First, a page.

“Database administration is a dying breed; don’t go there“; that was the advice I received twenty-one years ago. It is a popular idea that spring up from time to time. The latest argument came from the cloud: database services are well-automated so who needs a good DBA?
I have seen two main arguments for the diminishing role of the DBA which i have seen repeated in blogposts and first hand conversations.
First: new technology makes the DBA obsolete. The latest databases are self tuned, the administration is automated, relational databases will be taken over by NoSQL or Hadoop, MongoDB, XML, Object Oriented databases, Cloud.
This argument fades away as soon as that new technology falls from its hype cycle. NoSQL didn’t replace the RDBMS, administration tasks are more difficult in an ever increasing landscape, the cloud merely shifts the work to optimalisation, capacitymanagement and tasks higher in the value chain.
The second argument stems from an underestimation of the DBA work: “We don’t need DBA’s because our developers know enough about databases“. I have heard similar statements during job interviews. When I asked why a DBA role considered by this company I was told that “the developers don’t have time anymore for DBA work“. This was a softwarehouse where no one needed a DBA until they realised they NEEDED a DBA. A need for a firefighter role to fix the datamodel, performance or datacorruption. A need for a firefighter that would silently do his work without causing any delay in the software build process, bring about fundamental changes in the structure without using up other resources. There was no ambition to raise the maturity level of the buildprocess, no vision on operational intelligence or business intelligence: innovation was confined to application features. For efficiency and control over the buildprocess they used Scrum, that would suffice.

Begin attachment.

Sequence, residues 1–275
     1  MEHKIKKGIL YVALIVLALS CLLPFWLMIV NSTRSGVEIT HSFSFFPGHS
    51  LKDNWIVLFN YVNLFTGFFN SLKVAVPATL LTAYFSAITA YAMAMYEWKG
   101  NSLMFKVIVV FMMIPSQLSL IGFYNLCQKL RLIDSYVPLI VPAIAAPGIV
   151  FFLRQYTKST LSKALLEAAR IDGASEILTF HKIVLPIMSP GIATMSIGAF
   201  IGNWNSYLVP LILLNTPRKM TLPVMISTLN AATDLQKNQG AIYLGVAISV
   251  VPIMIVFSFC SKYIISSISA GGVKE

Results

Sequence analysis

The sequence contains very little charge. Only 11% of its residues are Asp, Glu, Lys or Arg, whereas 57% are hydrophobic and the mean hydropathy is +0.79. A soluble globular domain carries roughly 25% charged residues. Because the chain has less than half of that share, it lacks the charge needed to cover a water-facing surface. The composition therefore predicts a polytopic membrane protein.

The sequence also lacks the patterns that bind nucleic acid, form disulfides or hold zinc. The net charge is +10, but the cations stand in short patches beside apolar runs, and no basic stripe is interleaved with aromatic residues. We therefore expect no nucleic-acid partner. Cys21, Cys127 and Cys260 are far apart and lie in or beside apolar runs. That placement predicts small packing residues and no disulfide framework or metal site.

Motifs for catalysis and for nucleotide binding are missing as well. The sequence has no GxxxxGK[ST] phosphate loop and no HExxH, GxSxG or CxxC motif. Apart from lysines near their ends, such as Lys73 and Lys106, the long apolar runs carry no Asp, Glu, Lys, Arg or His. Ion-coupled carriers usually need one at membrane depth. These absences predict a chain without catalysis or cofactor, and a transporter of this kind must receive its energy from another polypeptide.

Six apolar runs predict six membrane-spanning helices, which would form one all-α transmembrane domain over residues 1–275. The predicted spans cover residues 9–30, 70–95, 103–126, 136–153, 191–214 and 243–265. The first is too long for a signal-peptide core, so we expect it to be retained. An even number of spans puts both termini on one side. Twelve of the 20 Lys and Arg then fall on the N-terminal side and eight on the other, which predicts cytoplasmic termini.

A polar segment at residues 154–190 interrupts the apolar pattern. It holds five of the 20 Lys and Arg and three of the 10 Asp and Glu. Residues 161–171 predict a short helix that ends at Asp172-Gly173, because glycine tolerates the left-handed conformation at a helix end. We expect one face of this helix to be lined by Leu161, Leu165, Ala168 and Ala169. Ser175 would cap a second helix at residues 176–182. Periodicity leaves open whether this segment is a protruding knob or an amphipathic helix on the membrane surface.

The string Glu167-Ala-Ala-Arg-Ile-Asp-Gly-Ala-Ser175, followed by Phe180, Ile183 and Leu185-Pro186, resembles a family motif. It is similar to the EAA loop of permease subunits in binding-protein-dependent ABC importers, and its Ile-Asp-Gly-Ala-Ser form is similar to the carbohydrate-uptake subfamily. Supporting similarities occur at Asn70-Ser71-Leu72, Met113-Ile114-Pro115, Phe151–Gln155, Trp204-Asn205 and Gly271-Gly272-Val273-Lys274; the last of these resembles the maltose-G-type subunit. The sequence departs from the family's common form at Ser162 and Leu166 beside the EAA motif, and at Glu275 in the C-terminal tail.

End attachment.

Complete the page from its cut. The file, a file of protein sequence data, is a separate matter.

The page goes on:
There is one funny in that job interview I would like to share with you. After hearing their situation, I asked them if they have a lot of incidents now and if they thought that was part of the deal of writing software. I forgot the exact answer they gave, but I didn’t forget that the IT manager interviewing me was called away ..… for an incident.
I concluded the interview without seeing him again.
To advocate or not?
SQLserver guru Brent Ozar had an encouter with a CTO who said “I thought I’d save money in the cloud by not having a DBA, but what I’m learning is that in the cloud, I actually get a return on my DBA investments.” Surely, for performance projects in the cloud, picking up the euro’s is visible for everyone. But streamlining and compacting a databaselandscape for better agility is reserved for good technical leadership who is aiming for a mature company. Central question for a company is: how do you see your DBA?